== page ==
The Bun Also Rises

I am currently fulfilling a lifelong dream: being – and living – in London during Wimbledon. Though I love watching all of the big tennis tournaments, the traditions surrounding this particular one take it to a heightened, magical level. The all-whites rule is one that I believe should extend beyond the tennis courts. (Wouldn’t we all get along so much better in immaculate, dazzling apparel?) The strawberries and champagne diet should apply all year round. But ‘Breakfast at Wimbledon,’ the time in which the nation wakes up to a cup of tea and a quick gab about the day to come, is the best part of all.

Such morning gossips are made extra sweet by a plate full of cinnamon buns. But often times one is deterred from making them, because any yeast-based product requires so much patience. As the young protagonists in Ernest Hemingway’s The Sun Also Rises demonstrate, waiting often seems impossible. Just as the sun will always return after a dark night, yeast will always activate if left overnight. But sometimes a catalyst is necessary to speed up the plot. For Jake Barnes, that was a few drinks at a bullfight. For these cinnamon buns, it is the combination of yeast and baking powder. You’ll be finished in plenty of time for the first match on Centre Court!



3 tbsp buttermilk

3 tbsp cream cheese

1 tsp vanilla extract

2 tablespoon melted butter

1 1/2 cups icing sugar (or enough for glaze consistency)

1/4 teaspoon salt


3 teaspoons cinnamon

1/4 cup brown sugar

2 tablespoons melted butter

Pinch of salt


6 oz all-purpose flour

1 1/4 teaspoon baking powder

1/4 teaspoon salt

2 teaspoons yeast

1/8 cup plus 1/2 cup semi-skimmed milk

1 tablespoon sugar

3 tbsp unsalted butter

1 tsp vanilla extract


1. Heat 1/8 cup milk to barely a simmer. Take off heat, whisk with yeast. When yeast is dissolved, let sit for five minutes (letting mixture become frothy).

2. Sift flour, baking powder, sugar, and salt in medium bowl. Add rest of milk, yeast mixture, vanilla extract, and butter to form dough. Knead dough on a floured surface until a smooth ball is formed. (If dough is too sticky, add flour several tablespoons at a time.) Let dough rise in a greased bowl covered with a tea towel.

3. While dough is rising, combine cinnamon, brown sugar, and salt. Pour melted butter over the mix to create a paste.

4. Roll dough into a 6×9 (approximately) rectangle. Spread filling evenly, leaving a half inch border. Roll (beginning with the shorter length) into a tight cylinder. Pinch at the seam. Cut into six even rolls and place in greased muffin tin. Cover with tea towel and let rise for at least half an hour.

5. Bake buns in a 350 degree oven for 10-12 minutes (until golden brown). While the buns are baking, whisk together cream cheese, buttermilk, vanilla extract, (all at room temperature) and salt. Add icing sugar in batches, whisking until smooth. When glaze consistency is reached, finish with melted butter.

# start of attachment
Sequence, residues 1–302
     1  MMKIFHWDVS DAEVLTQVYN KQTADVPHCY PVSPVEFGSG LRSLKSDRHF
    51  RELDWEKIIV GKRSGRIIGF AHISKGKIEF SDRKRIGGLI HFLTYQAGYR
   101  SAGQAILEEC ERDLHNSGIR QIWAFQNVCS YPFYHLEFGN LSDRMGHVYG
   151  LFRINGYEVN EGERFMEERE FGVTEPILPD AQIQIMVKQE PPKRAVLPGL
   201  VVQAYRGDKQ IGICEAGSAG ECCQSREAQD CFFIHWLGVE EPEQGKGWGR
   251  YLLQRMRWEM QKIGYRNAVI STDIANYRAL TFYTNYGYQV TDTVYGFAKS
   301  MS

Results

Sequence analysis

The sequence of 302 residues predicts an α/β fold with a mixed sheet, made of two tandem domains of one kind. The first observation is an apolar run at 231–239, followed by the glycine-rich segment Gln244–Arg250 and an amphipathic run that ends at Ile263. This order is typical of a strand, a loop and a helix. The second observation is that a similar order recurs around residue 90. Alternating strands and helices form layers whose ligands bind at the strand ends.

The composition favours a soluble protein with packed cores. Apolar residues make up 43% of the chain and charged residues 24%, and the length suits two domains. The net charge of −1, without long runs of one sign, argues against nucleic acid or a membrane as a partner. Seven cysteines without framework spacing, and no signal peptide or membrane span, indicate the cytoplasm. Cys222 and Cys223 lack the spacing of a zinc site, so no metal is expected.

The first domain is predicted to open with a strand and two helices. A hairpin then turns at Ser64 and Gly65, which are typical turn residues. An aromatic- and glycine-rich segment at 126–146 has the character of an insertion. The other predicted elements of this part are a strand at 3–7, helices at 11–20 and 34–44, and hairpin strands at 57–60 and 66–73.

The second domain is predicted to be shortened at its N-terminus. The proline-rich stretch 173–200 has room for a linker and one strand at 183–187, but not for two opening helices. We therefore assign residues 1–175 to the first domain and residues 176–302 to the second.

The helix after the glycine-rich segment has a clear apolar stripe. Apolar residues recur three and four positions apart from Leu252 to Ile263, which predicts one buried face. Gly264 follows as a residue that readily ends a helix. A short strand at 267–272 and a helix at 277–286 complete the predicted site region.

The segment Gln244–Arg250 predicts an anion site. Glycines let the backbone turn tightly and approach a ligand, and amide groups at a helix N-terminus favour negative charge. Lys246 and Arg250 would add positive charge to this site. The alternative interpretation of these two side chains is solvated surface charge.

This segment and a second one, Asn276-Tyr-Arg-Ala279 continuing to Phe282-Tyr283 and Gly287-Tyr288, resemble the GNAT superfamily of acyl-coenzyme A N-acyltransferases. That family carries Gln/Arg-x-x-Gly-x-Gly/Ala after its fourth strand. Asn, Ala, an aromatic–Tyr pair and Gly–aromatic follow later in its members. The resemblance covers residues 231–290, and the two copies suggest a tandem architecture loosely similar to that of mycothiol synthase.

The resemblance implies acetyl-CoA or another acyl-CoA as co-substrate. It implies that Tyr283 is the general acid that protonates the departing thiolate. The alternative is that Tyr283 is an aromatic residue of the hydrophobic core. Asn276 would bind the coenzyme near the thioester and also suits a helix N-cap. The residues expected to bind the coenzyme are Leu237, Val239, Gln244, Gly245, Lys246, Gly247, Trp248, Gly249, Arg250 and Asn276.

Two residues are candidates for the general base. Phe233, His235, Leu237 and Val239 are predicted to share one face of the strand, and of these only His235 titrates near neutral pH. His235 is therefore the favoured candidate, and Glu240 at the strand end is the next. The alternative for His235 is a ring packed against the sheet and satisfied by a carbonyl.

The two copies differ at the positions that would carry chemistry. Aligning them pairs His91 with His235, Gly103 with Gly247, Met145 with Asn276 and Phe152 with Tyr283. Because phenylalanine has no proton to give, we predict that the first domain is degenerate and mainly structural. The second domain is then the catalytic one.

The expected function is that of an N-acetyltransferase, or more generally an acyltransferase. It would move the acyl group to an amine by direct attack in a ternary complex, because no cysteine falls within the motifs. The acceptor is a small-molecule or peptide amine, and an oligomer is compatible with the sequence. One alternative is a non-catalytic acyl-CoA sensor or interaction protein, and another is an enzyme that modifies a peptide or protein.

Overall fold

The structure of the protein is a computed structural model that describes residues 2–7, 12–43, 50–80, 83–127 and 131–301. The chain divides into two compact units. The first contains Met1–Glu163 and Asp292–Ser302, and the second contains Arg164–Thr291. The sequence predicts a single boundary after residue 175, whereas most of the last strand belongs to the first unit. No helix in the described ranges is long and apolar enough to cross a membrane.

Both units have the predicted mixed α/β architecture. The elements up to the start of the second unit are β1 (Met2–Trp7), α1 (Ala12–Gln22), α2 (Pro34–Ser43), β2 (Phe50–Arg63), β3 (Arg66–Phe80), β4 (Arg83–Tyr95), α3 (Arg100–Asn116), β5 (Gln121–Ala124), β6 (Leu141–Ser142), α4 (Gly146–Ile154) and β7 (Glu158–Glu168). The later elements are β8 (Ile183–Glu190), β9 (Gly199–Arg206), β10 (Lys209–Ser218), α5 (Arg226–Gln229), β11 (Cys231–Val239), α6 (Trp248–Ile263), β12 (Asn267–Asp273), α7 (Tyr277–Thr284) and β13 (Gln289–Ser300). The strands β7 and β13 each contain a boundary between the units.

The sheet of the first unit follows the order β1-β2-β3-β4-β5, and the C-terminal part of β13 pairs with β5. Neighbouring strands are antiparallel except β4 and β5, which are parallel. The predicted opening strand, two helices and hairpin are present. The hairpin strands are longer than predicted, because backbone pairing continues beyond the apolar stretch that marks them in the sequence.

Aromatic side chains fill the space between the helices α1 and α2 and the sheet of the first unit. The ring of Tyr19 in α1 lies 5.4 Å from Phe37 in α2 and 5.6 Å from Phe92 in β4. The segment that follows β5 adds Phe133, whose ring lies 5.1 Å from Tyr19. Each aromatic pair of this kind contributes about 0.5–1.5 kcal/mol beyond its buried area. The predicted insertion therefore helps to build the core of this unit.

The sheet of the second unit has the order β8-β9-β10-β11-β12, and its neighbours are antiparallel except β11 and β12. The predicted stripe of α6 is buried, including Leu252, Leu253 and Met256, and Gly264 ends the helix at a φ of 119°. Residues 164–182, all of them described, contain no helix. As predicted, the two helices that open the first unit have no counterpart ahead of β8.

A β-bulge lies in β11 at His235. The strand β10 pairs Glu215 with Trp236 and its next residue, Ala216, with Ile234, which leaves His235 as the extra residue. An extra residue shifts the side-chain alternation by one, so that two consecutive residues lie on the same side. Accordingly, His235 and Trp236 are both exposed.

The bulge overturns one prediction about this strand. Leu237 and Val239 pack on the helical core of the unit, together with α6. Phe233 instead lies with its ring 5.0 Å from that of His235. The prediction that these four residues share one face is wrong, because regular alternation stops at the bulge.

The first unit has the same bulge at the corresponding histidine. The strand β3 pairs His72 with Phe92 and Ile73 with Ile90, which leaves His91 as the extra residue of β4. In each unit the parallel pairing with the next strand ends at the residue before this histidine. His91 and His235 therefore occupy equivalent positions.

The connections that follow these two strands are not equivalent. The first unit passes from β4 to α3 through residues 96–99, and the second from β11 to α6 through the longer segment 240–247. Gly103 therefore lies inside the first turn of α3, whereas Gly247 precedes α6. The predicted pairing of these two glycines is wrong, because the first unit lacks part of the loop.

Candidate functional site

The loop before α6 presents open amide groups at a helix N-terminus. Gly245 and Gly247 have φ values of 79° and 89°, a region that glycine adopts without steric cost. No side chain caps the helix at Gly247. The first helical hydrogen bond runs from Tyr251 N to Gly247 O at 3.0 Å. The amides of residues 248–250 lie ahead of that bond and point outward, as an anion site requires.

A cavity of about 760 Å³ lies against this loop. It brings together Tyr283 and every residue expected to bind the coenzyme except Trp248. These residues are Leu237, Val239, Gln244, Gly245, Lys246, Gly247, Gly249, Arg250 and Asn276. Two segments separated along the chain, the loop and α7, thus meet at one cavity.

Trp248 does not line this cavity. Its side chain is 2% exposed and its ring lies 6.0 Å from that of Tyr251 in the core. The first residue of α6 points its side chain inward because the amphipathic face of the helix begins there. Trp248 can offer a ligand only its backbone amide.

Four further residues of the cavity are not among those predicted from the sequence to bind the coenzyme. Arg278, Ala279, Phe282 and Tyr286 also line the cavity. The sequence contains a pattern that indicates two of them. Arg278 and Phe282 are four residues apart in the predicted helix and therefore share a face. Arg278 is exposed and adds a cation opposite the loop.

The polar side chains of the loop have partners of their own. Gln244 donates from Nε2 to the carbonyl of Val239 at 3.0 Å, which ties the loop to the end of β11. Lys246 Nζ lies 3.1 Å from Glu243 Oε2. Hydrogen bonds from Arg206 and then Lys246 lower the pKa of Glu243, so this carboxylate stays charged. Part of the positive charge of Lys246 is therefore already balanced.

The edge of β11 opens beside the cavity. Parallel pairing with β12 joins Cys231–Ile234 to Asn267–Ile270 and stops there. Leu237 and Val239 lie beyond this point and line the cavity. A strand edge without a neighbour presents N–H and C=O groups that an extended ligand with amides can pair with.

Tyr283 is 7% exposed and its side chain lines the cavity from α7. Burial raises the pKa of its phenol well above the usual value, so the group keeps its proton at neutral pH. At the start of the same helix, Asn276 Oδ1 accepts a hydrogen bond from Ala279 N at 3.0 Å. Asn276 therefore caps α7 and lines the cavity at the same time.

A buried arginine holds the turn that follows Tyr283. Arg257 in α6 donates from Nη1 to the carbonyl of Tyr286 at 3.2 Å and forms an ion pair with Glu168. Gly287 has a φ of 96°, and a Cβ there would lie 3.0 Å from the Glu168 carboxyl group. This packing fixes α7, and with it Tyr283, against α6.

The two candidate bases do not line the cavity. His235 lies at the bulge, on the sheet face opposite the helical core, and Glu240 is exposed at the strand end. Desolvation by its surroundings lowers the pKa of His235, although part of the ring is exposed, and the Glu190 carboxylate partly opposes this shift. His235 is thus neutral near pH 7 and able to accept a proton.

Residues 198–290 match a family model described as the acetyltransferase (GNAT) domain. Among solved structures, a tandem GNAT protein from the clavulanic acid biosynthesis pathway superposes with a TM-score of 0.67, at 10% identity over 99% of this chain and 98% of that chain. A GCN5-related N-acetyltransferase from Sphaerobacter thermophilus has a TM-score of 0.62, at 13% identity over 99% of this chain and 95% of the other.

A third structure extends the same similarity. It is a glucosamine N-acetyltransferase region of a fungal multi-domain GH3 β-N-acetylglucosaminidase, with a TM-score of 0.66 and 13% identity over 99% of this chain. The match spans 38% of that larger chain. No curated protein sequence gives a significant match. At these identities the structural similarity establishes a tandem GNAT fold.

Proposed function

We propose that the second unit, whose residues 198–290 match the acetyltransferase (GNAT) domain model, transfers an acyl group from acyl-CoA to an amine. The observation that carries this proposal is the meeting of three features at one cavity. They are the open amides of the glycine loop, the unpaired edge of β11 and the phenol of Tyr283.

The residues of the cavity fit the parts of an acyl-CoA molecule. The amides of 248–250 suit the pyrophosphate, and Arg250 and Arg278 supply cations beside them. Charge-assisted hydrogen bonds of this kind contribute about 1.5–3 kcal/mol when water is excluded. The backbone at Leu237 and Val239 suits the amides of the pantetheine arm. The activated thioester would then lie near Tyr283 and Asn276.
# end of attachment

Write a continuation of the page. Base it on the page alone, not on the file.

6. Allow buns to cool for five minutes. Drizzle with glaze.

Enjoy cinnamon buns with buttermilk glaze with Ernest Hemingway’s The Sun Also Rises, and check in at for future recipes and book reviews!


The Sage of Innocence

Tonight Edward and I are going to a live broadcast of La Bohéme in Trafalgar Square. For our opera picnic, he’s bringing the wine, and I’m in charge of food. It’s nights like these that make me so glad to live in London – there is the possibility of culture and romance on any given night.

However, it’s also nice to get away sometimes. We spent last weekend in Wivenhoe, a small river town near the eastern coast. We ate dinner at a cozy tapas place and both agreed that it was the best meal we’d eaten in a long time. Our favorite dish was a California-inspired flatbread, light enough to save room for other dishes, but substantial enough to make a lasting impression.

For tonight’s menu, I’ve decided to bring a bit of our quiet, relaxed weekend back to the buzzing city – keeping the same flavors but melting them into travel-friendly quesadillas. Like the New York upper class society in Edith Wharton’s The Age of Innocence, a simple shell masks the complex flavors hidden inside. I’m confident that the opera singers won’t be the only stars of the show tonight!


4 tortillas

1 cup shredded mozzarella

8 slices prosciutto

8 sage leaves, chopped

1/4 cup balsamic vinegar

2 tbsp brown sugar

1/4 cup water


1. In small saucepan, bring water, balsamic vinegar, and brown sugar to a simmer. Allow to reduce down for about ten minutes, until the mixture reaches glaze-like consistency. (You can test this by seeing if the glaze coats the back of a spoon.) Allow to cool.

2. In food processor, pulse mozzarella until creamy.

3. Working with two tortillas at a time, spread the mozzarella mixture on both. (Leave a half-inch border, as mozzarella will spread when it melts.) Lay prosciutto slices and sage leaves, and drizzle balsamic glaze on one side, and fold the second over so that both spread sides are facing inwards (as a sandwich). Repeat for as many quesadillas as you require.

4. Bake on one side for 5 minutes in a 180-degree oven. Carefully flip the quesadillas, and bake for 3-5 more minutes. Allow to cool slightly, then cut into quarters.

*Note: sage has a very strong flavor, so use sparingly!

Enjoy mozzarella quesadillas with Edith Wharton’s The Age of Innocence, and check in at for future recipes and book reviews!